“You’re not my mother, Pru. I don’t require your permission for this.”

He was right, and she knew her brother, once he’d set his mind to something, could not be convinced otherwise. She clenched her teeth and scanned the room. Her gaze fell upon the Duke of Sutcliffe again and she glared at him. Another gentleman had joined him, and they stood together at the mantel, drinking and conversing. She was certain that Sutcliffe was to blame for Johnston’s newfound enthusiasm to join the military. He’d listened intently to Sutcliffe’s stories of the battles he’d fought before coming back to England to head up intelligence gathering. And Johnston wanted to be a part of that.

Her breath caught. All it would take was one word from Sutcliffe to change her brother’s mind. She need only appeal to his gentlemanly nature, provided he had one, to ensure her brother stayed out of harm’s way.

“You’re absolutely right, dear brother. Enjoy the remainder of your evening.” She nodded, then strode toward the fireplace, fists balled in her skirt. Thankfully the other gentleman moved on before she reached the duke. Confronting the Duke of Sutcliffe would take every ounce of strength she could muster, so she needed to do it now while the panic of war still burned in her gut.

His brows rose as she approached. “Miss Hixsby,” he said with a slight nod of his head. “I wasn’t expecting you’d attend this party. I didn’t think you left your estate after dark.”

“Yes, well, it would seem I have important business to discuss with you.”

“Indeed,” he said, his tone dismissive. “What business does a lady such as yourself have with a rogue like me?” His eyes quickly trailed the length of her, then studied the glass in his hand.

She narrowed her gaze at him. “Precisely what sort of lady am I? A spinster?”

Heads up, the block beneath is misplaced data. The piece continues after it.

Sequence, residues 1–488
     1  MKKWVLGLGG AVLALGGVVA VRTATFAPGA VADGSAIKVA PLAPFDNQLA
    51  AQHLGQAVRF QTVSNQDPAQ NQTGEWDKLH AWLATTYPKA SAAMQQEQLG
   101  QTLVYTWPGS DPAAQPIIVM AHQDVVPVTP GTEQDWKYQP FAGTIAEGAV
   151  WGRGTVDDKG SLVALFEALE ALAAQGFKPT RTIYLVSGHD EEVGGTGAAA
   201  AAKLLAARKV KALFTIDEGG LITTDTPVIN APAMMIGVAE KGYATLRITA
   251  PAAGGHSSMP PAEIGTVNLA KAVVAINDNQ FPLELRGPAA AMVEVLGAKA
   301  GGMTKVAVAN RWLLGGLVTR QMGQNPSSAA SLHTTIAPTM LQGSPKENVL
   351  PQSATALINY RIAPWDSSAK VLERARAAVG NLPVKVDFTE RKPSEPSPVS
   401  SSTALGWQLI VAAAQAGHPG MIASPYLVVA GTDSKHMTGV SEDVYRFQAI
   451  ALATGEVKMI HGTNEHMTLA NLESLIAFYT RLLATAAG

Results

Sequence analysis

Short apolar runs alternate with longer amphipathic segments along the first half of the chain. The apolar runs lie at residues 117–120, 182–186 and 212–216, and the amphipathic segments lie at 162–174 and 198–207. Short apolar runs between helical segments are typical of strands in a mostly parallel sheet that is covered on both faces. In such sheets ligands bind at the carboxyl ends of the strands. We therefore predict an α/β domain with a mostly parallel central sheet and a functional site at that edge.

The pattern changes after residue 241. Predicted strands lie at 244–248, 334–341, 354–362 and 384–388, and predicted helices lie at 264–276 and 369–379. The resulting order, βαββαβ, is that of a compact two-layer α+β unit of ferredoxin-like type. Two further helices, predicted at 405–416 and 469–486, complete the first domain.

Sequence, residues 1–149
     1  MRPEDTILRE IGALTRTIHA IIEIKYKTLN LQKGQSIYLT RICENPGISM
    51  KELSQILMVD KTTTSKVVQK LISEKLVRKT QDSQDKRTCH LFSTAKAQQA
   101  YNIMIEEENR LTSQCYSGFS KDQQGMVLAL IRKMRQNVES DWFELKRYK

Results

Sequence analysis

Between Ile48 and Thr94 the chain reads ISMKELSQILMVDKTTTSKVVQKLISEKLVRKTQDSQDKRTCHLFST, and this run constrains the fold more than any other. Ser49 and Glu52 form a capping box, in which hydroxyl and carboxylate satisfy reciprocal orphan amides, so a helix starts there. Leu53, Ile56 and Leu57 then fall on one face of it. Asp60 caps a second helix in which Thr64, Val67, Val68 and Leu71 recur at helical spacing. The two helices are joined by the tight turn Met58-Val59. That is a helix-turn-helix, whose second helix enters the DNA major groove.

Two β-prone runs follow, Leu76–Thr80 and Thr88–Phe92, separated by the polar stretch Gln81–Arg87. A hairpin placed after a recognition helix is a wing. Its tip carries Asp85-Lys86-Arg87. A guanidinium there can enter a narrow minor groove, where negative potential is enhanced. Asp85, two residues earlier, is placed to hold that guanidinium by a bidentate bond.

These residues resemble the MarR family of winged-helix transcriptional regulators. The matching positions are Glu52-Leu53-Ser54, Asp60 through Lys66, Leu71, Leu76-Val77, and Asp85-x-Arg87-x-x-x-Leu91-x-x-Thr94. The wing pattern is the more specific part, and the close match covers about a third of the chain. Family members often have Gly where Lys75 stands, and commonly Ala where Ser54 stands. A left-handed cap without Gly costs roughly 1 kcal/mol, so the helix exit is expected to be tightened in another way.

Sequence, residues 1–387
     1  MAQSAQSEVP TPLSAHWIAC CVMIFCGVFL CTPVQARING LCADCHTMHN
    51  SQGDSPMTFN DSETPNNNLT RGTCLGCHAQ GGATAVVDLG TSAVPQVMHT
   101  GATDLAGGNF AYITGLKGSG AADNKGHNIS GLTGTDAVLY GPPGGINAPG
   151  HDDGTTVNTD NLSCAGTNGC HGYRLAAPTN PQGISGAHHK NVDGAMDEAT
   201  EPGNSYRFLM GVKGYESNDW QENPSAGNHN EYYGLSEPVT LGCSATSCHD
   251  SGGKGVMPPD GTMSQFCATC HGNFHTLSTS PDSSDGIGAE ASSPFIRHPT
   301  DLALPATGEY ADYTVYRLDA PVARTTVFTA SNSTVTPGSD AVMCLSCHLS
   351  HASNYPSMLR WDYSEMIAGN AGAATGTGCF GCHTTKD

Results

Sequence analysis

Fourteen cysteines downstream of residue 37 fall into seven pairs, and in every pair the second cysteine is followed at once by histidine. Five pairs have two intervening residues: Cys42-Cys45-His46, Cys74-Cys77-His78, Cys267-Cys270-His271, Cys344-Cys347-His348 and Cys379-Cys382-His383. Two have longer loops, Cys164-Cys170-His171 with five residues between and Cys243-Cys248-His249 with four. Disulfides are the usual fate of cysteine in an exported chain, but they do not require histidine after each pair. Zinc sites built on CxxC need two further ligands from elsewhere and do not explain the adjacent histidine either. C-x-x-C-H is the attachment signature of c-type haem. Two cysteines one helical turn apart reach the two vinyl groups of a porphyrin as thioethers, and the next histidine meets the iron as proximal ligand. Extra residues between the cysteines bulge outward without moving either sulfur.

His shoulders lifted in a casual shrug. “Your words, not mine. But you are, as they say, on the shelf.” He turned his body away from her, and looked out at the room again.

It was a small gathering, a country house party, but that didn’t mean some of the most important families in London weren’t represented. In fact, she and her brother were only invited because they’d been longtime neighbors of Lord and Lady Grant.

“My marital prospects have nothing to do with this discussion,” she hissed. Though he was correct. Even if she hadn’t been old enough to be a spinster, she had so many siblings to care for that no man would want to be saddled with that much responsibility. “I am quite upset with you.”

“I don’t see how that’s possible.”

The weight of his blue eyes nearly buckled her knees. Good heavens but she was a goose. He was merely a man.

“My brother,” she said.

“Which one?”

“Don’t play coy with me, Your Grace. I know that you’ve convinced Johnston to join the ranks of your…” She winced as if what she was about to say physically hurt. “War.”

“My war?” He took a slow swallow of his drink. “You know I find it…” He paused as if searching for the right word, “fascinating how you can insult me while using my title. It seems to me that if we’re to exchange taunts, you might as well use my Christian name.”

“I know you are in charge of some elite group gathering intelligence to help with the battles,” she said, refusing to respond to his offer of familiarity, if it was one.

“What are you insinuating, Prudence?”

“I am insinuating nothing, merely stating that my brother is young and impressionable and he, for whatever reason, admires you, wants to emulate you.” She poked one gloved finger on his chest. “If you don’t do something, you are going to get him killed. You must prevent him from joining this foolish war.”

“There is nothing foolish about a man persecuting people in his own country and trying to do the same across others.”

“I didn’t mean to imply—”